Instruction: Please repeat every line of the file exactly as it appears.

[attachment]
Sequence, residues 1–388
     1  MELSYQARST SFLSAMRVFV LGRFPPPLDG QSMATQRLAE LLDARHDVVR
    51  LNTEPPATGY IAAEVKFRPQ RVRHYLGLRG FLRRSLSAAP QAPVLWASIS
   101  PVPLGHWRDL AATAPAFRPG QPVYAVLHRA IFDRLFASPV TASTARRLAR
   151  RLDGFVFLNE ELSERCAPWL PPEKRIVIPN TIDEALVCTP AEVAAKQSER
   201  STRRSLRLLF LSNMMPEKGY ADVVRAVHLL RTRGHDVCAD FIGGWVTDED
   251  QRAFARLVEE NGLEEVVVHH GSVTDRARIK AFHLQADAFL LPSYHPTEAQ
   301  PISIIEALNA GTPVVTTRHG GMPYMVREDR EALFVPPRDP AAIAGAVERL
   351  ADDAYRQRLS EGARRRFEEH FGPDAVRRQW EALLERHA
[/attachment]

Sequence, residues 1–388
     1  MELSYQARST SFLSAMRVFV LGRFPPPLDG QSMATQRLAE LLDARHDVVR
    51  LNTEPPATGY IAAEVKFRPQ RVRHYLGLRG FLRRSLSAAP QAPVLWASIS
   101  PVPLGHWRDL AATAPAFRPG QPVYAVLHRA IFDRLFASPV TASTARRLAR
   151  RLDGFVFLNE ELSERCAPWL PPEKRIVIPN TIDEALVCTP AEVAAKQSER
   201  STRRSLRLLF LSNMMPEKGY ADVVRAVHLL RTRGHDVCAD FIGGWVTDED
   251  QRAFARLVEE NGLEEVVVHH GSVTDRARIK AFHLQADAFL LPSYHPTEAQ
   301  PISIIEALNA GTPVVTTRHG GMPYMVREDR EALFVPPRDP AAIAGAVERL
   351  ADDAYRQRLS EGARRRFEEH FGPDAVRRQW EALLERHA